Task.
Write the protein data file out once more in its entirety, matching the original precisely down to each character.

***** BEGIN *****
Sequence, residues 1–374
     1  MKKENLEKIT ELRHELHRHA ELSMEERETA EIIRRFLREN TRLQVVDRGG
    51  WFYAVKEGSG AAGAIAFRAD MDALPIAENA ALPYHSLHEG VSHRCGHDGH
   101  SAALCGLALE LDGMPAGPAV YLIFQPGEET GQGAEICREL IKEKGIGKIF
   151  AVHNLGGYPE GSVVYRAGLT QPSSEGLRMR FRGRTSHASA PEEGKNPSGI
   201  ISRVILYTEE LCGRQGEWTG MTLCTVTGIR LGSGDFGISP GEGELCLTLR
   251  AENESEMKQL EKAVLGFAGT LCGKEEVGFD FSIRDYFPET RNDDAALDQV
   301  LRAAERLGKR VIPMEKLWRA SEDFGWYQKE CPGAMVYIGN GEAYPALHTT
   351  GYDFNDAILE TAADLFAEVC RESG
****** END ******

Sequence, residues 1–374
     1  MKKENLEKIT ELRHELHRHA ELSMEERETA EIIRRFLREN TRLQVVDRGG
    51  WFYAVKEGSG AAGAIAFRAD MDALPIAENA ALPYHSLHEG VSHRCGHDGH
   101  SAALCGLALE LDGMPAGPAV YLIFQPGEET GQGAEICREL IKEKGIGKIF
   151  AVHNLGGYPE GSVVYRAGLT QPSSEGLRMR FRGRTSHASA PEEGKNPSGI
   201  ISRVILYTEE LCGRQGEWTG MTLCTVTGIR LGSGDFGISP GEGELCLTLR
   251  AENESEMKQL EKAVLGFAGT LCGKEEVGFD FSIRDYFPET RNDDAALDQV
   301  LRAAERLGKR VIPMEKLWRA SEDFGWYQKE CPGAMVYIGN GEAYPALHTT
   351  GYDFNDAILE TAADLFAEVC RESG